Run Fast Cook Fast Eat Slow Week

Good morning friends! Welcome to the start of a new week, another week of opportunities to chase your goals. Last week Crown Publishing sent me a copy of Shalane Flanagan and Elyse Kopecky's new cookbook called "Run Fast. Cook Fast. Eat Slow." to review on the blog. It's a cookbook tailored towards runner's nutritional needs. It is chalk full of healthy, whole-food recipes to give runners the nutrition they need to perform their best. 

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I made the Superhero muffins last weekend, and they were a huge hit. Even hubby who doesn't always prefer my "healthier" versions of recipes was eating them like hotcakes. They are delicious for a post-run refuel made with oats and almond meal, flavored with honey, walnuts, and real butter. I was thinking next time I make them I may add collagen powder for an added protein boost.

In honor of my new cookbook obsession, this week is Run Fast, Cook Fast, Eat Slow week on the blog. Today we will talk more about nutrition, the benefits of eating slowly, and how to develop the habit of eating slow. For 'Workout Wednesday' I'll give you tips for running fast, and on Friday I'll share more details about the superhero muffins from the book. Are you ready to run fast, cook fast and eat slow?


I write a lot on this blog about the importance of developing healthy habits instead of crash dieting or extreme exercising. Habits are the building blocks of a healthy lifestyle. It's hard work in the beginning. It takes time and effort to cultivate, but once healthy behaviors become routine, they are effortless. You begin to eat healthily and exercise because it is a habit, like brushing your teeth, drinking your morning coffee, or taking a shower, it becomes just what you do.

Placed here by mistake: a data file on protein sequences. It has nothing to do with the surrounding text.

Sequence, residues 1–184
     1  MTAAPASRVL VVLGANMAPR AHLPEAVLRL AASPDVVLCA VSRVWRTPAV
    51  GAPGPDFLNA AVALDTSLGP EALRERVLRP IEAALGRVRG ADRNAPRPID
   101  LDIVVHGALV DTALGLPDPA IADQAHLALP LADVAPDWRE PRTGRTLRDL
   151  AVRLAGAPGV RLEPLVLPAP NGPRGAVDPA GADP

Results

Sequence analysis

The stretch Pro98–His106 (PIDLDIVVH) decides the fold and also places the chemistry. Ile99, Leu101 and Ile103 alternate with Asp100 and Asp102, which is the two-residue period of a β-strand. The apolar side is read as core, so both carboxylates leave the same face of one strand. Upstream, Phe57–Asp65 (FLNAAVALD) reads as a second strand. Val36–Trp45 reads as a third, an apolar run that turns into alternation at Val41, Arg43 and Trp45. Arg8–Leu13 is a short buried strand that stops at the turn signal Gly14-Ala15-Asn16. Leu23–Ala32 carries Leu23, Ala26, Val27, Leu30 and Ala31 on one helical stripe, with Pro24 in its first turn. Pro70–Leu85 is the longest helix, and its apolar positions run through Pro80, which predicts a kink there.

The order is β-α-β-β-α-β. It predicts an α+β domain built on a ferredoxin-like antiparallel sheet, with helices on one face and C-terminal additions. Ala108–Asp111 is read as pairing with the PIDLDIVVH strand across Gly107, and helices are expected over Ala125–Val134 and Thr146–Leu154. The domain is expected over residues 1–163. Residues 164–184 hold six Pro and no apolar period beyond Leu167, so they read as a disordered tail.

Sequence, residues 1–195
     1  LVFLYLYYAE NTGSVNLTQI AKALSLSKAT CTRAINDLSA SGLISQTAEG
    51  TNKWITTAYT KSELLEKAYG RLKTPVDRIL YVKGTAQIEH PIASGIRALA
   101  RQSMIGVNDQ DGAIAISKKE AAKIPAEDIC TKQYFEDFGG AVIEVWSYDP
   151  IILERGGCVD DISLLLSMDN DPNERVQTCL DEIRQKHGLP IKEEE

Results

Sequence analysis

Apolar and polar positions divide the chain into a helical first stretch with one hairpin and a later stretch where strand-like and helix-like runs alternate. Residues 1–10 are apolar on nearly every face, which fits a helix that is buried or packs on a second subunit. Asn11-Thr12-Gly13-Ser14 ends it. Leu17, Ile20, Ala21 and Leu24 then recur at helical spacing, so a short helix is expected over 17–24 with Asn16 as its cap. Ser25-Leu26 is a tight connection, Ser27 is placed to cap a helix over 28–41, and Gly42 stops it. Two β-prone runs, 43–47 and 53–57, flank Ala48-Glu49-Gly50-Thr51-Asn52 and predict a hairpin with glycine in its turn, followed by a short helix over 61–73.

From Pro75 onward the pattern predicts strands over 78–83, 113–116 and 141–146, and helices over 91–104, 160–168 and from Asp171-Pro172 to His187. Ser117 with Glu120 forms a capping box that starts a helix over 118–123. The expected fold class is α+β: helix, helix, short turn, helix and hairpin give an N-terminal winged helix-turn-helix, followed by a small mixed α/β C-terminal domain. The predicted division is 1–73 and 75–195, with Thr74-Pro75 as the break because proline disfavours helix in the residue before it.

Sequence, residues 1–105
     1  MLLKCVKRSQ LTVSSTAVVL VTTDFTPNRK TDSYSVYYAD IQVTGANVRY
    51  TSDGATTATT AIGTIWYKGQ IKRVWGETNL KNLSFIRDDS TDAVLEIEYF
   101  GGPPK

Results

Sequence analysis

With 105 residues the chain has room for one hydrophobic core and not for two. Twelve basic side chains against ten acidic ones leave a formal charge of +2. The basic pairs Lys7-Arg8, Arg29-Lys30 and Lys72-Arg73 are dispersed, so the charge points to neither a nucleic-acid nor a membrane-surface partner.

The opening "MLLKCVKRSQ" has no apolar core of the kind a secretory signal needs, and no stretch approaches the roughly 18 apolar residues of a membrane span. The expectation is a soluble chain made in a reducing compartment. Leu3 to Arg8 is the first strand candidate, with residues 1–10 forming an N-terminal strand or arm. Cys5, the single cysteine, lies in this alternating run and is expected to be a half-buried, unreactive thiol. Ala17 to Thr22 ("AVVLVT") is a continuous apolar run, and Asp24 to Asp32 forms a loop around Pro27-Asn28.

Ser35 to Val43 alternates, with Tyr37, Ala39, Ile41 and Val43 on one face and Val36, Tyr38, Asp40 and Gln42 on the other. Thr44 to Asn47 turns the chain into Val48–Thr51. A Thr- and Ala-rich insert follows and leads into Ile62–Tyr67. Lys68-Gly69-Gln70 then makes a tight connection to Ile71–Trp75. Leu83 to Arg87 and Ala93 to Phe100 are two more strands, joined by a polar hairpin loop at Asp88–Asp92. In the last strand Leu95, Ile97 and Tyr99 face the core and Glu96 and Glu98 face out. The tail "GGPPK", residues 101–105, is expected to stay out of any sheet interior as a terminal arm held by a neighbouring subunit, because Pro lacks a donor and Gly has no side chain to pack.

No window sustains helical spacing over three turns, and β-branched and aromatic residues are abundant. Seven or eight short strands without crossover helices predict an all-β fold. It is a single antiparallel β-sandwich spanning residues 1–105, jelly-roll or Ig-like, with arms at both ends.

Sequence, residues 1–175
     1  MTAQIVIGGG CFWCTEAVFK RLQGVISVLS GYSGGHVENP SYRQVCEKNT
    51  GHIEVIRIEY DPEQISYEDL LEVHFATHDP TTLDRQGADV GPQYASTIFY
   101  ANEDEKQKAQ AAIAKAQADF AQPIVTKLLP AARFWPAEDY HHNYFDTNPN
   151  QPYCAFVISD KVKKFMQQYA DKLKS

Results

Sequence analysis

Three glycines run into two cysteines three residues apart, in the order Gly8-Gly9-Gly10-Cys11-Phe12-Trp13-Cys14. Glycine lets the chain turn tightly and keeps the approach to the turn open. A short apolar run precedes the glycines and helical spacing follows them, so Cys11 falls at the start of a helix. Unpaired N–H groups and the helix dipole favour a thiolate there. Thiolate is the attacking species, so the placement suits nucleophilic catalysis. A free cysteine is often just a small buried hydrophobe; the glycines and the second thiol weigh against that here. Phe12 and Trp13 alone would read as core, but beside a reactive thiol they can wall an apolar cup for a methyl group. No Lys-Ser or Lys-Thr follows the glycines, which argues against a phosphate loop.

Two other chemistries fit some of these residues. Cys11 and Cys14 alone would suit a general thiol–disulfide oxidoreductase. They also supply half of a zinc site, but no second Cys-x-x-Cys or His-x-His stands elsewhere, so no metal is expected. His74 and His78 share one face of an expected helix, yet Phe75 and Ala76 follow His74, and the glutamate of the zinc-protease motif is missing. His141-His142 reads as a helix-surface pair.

The struggle and mental battle of making the "right" choices goes away almost entirely because you end up wanting to eat the foods, and move your body in a way that makes you feel your best. The healthy choice becomes the choice you want to make most of the time. Beautiful, right? 

It's simple in concept, but it's not easy to execute. You have to work at developing those habits. It takes time. Habit development isn't a three-week challenge. If you try to change all your habits at once, you set yourself up for failure. Too much at once and your mind will rebel against all the changes. You have to take on habits one or two at a time. Then once those habits are ingrained, add a new one. It's not sexy or exciting. It takes time, but it's effective for a longterm healthy lifestyle.


Because Shalane Flanagan says so and she wins marathons, just kidding. One of the first habits I like to work on with my clients is the habit of eating slow. In our rushed society, many of us are eating our breakfast from behind the wheel or in front of a computer screen, but there are health and weight management benefits in slowing down and paying attention. 

It takes about twenty minutes from the start of your meal for your brain to send the signal to your body that you've had enough. If you're anything like me, you may scarf your food down in seven minutes flat and have a second serving before ten minutes have passed.